Retirement age could be increased in Social Security overhaul

Last month, a bipartisan group of legislators led by U.S. Sens. Angus King (I-Maine) and Bill Cassidy (R-La.) was reported by Semafor and MarketWatch to exploring hiking the retirement age. This comes amid calls to reform Social Security in light of the Congressional Budget Office confirming that the trust funds that pay for retirement benefits are on the road to insolvency by around 2032.

As it stands, the FRA is 67 for the majority of Americans however different rules apply for early retirees.

Currently, those in retirement are able to get Social Security payments at the age of 62, albeit at a reduced rate.

Those aged 65 and over are eligible to receive Medicare benefits if they paid Medicare taxes for at least a decade.

When someone delays accessing their retirement benefits from 67 up to the age of 70, the amount in Social Security they will get back will increase.

With concerns over the future of retirement benefits, an official increase in the FRA is being heavily considered by politicians.

Other changes being examined included changing the way monthly benefits are calculated based on a worker’s average earnings over 35 years to one based on the years spent working and paying into Social Security.

In a statement to Semafor, spokespeople for the Senators said: “This is an example of two leaders trying to find a solution to a clear and foreseeable danger

“Although the final framework is still taking shape, there are no cuts for Americans currently receiving Social Security benefits in our plan. Indeed, many will receive additional benefits.”

This sentiment has been echoed by Republicans in the House of Representatives, with Rep. Nancy Mace from South Carolina telling CNN that raising the retirement age should “be on the table”.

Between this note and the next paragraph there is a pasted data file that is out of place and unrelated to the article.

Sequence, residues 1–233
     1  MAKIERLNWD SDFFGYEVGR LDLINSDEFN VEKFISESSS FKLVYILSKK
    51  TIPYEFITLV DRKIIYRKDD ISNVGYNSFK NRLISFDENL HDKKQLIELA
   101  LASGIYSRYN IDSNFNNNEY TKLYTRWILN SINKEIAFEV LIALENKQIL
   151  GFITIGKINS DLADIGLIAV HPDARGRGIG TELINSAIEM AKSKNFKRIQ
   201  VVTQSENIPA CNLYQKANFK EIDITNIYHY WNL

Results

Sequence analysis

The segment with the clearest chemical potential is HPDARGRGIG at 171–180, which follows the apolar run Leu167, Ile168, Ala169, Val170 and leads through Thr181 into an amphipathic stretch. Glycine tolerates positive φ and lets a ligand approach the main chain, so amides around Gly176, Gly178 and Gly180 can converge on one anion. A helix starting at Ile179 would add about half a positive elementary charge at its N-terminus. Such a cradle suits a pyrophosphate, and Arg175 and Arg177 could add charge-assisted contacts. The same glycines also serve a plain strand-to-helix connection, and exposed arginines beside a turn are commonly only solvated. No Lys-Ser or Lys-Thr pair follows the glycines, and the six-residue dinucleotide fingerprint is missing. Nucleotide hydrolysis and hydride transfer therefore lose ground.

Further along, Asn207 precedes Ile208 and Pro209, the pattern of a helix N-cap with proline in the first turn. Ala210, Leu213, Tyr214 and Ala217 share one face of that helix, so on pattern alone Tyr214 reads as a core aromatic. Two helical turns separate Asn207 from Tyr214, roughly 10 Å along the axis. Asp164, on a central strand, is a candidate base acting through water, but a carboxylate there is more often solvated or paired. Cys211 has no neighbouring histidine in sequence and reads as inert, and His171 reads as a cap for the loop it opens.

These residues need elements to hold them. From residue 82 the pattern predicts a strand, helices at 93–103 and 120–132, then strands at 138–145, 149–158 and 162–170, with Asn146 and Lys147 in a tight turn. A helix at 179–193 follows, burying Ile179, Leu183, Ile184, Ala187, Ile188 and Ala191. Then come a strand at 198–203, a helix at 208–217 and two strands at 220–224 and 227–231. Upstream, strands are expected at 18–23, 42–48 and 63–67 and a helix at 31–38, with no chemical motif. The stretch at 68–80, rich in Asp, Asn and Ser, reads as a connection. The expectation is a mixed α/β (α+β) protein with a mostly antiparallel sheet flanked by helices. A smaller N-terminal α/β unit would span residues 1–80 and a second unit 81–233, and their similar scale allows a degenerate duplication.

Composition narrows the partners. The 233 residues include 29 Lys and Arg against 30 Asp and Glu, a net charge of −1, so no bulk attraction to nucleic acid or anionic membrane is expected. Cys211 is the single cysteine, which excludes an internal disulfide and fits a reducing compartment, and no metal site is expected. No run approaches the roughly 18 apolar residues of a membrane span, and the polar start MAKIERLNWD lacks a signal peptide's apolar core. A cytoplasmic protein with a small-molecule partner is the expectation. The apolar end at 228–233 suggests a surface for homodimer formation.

She explained: “We do not want to take away (from) those that are in retirement or those that are heading into retirement.

“If we’re talking about younger generations, my kids, for example, if they know what the — what the retirement will look like 40 years from now, 50 years from now, then that should be on the table, and can be.”

Earlier this month, Republican presidential candidate Nikki Haley confirmed she was in favour of raising the retirement age for Americans in their 20s.

The Social Security Administration last made changes to the retirement age almost 40 years ago and there have been no recent changes since.

As part of the Social Security Amendments of 1983, there was a rise in the retirement age which affected those retiring in 2000.

On top of this, there was a hike in the delayed retirement credit for Americans who decide to work beyond the full retirement age.

Overall, the most noticeable and drastic change was that people are unable to collect full Social Security payments until 67, an increase from 65.

Here is a full list of when the full retirement age comes into effect based on someone’s year of birth:

  • If born between 1943 and 1954, your FRA is 66
  • If born in 1955, your FRA is 66 and 2 months
  • If born in 1956, your FRA is 66 and 4 months
  • If born in 1957, your FRA is 66 and 6 months
  • If born in 1958, your FRA is 66 and 8 months
  • If born in 1959, your FRA is 66 and 10 months.
  • If born in 1960 or later, your FRA is 67 years old.

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